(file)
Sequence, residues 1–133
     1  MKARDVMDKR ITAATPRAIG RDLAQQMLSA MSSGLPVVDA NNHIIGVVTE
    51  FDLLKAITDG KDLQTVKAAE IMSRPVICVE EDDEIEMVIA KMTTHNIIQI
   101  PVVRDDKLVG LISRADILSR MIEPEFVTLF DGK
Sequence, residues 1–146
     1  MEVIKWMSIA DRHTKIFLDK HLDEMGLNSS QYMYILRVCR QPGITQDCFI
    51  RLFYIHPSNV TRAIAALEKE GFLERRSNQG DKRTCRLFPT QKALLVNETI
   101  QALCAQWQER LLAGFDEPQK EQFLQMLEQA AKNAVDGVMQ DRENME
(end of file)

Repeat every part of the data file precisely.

Sequence, residues 1–133
     1  MKARDVMDKR ITAATPRAIG RDLAQQMLSA MSSGLPVVDA NNHIIGVVTE
    51  FDLLKAITDG KDLQTVKAAE IMSRPVICVE EDDEIEMVIA KMTTHNIIQI
   101  PVVRDDKLVG LISRADILSR MIEPEFVTLF DGK
Sequence, residues 1–146
     1  MEVIKWMSIA DRHTKIFLDK HLDEMGLNSS QYMYILRVCR QPGITQDCFI
    51  RLFYIHPSNV TRAIAALEKE GFLERRSNQG DKRTCRLFPT QKALLVNETI
   101  QALCAQWQER LLAGFDEPQK EQFLQMLEQA AKNAVDGVMQ DRENME